The Unofficial Countryside was, amazingly to me, written back in 1973. A forerunner perhaps to the much more recent Edgelands by Paul Farley and Michael Symmons Roberts, The Unofficial Countryside chronicles the countryside outside of recognised national parks, the areas between towns and the official countryside, the edgelands. Growing up myself in a London Metro-land suburb in the 1970's, many of the descriptions are familiar to me and left me with a strong urge to revisit the playgrounds of my youth. It brought back in particular one vivid memory of a road bridge on the West End Road at Ruislip Gardens, over the Yeading Brook, just next to the tube station, beneath which there were two small tunnels which carried the brook under the road. You had to climb over the small bridge wall to access the brook at that point, and I'm sure 40 years later that access is almost certainly much more restricted. I remember one of the tunnels was straight and you could clearly see light at the other end. The other had a bend towards the right in it, and it took some courage for a 7 or 8 year old to brave walking into the darkness. Happy days though.

A Good Parcel of English Soil is one of the short books published as a series to commemorate 150 years of the London Underground. This book took me back to my childhood even more than The Unofficial Countryside. Its descriptions of parks, territories, gangs (of a much more innocent nature than today's) was spot on and could have been straight out of my after school and weekend exploits around Ruislip. It's also inspired me to visit areas of Metroland like Chesham, Rickmansworth, etc., that I've never been to. I just need to find the time. I was so impressed by the first book in this series I have just ordered the box set.

Robert MacFarlane's Old Ways didn't bring back any memories in the same way as Richard Mabey's books did, but it did inspire me to get out and about, and take more notice when I'm walking in non-urban areas. I rarely give a thought as to the age or purpose of a footpath, byway or bridleway when I'm walking or cycling along it.

I'm still only halfway through Wildwood, so will possibly comment on that one another time.

    

Saturday, 16 August 2014

An Urban Wander from Chiswick to Kew

I've just returned from three wonderful weeks in and around North and South Carolina. I have some pictures to share from that trip but still have a small, pre-holiday backlog to work through first. A couple of days before I left for my summer holiday, I made a small trip to Kew Gardens. Not the the gardens themselves but to the general area. I had originally intended to simply travel there by tube, but there was a signalling problem at Richmond meaning that the trains were not running on that part of the line. I was forced therefore to alight early, at Chiswick Park, and make the remainder of the journey by foot. I've been to Chiswick High Street plenty of times but have never ventured south to the river, so this piece of luck gave me an opportunity to do just that.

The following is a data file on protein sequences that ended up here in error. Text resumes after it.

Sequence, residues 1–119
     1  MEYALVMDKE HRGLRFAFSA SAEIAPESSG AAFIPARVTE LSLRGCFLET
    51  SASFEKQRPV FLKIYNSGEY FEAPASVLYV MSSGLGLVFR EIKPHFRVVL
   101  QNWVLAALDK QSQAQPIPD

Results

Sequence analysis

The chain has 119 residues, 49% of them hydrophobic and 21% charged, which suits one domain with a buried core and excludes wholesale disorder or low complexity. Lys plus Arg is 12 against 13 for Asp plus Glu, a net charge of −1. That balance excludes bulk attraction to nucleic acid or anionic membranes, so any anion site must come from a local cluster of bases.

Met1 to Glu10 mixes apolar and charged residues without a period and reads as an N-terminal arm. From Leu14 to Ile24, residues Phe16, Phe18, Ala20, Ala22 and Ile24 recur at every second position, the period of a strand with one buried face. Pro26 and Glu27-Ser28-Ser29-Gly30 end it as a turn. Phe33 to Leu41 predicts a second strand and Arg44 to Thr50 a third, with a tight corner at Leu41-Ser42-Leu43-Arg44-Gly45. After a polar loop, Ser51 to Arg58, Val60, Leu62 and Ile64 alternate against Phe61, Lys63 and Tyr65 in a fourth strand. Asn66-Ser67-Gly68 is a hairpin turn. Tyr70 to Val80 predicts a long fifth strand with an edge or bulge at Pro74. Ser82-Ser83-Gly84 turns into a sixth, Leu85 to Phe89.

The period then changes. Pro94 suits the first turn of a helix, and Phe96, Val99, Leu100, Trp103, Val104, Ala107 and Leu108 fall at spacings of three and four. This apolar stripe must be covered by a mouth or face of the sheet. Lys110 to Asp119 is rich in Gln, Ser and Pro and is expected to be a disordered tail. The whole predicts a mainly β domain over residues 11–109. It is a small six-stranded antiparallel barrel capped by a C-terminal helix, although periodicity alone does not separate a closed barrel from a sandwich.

The first few pictures were taken walking along the northern bank of the River Thames towards Kew Bridge. The bridge appearing in the photos is the District Line crossing the river towards Kew Gardens and Richmond, and the island in the background is Oliver's Island.

District Line and London Overground rail bridge across the River Thames, London
District Line and London Overground rail bridge across the River Thames, London

District Line and London Overground rail bridge across the River Thames, London
District Line and London Overground rail bridge across the River Thames, London

District Line and London Overground rail bridge across the River Thames, London
District Line and London Overground rail bridge across the River Thames, London

District Line and London Overground rail bridge across the River Thames, London
 District Line and London Overground rail bridge across the River Thames, London

River Thames near Chiswick, London
River Thames near Chiswick, London

This half-height door is placed in the house wall, well above where I assume the high tide would come

 Door situated well above the Thames path, near Chiswick, London
Door situated well above the Thames path, near Chiswick, London

I wasn't expecting to see any ghost signs in Kew so was pleasantly surprised when I spotted this old metal sign for the Caxton Name Plate Manufacturing Company, just at the southerly end of Kew Bridge.

Ghost sign for the former Caxton Name Plate Manufacturing Company, Kew Bridge, London
Ghost sign for the former Caxton Name Plate Manufacturing Company, Kew Bridge, London

I love old cars but don't actually know very much about them, unless it's glaringly obvious, so unfortunately I have no idea what this first car is.

Old car, Kew Gardens, London
Old car, Kew Gardens, London

Ok, so this one is a bit easier. I didn't actually see the second Volkswagen camper van driving past until I started uploading the photos to the blog.

Volkswagen Camper Van, Kew Gardens, London
Volkswagen Camper Van, Kew Gardens, London

This is a Bentley judging from the winged B badge on the bonnet, but more than that I cannot tell you. Lovely looking car though.

Bentley, Kew Gardens, London
Bentley, Kew Gardens, London

This is a curious building. It seems to have been built as an iron church or tin tabernacle back in the late 19th century. It seems to have been used as a working men's club at some stage but would now appear to be for sale.


Former iron church, Kew Gardens, London
Former iron church, Kew Gardens, London

As an enjoyable urban wander came to an end, the sun set on a perfect day. Kew is a wonderful place, only perhaps over shadowed by the near constant noise from the planes as the come into land at Heathrow.

Sunset over Kew Gardens, London
Sunset over Kew Gardens, London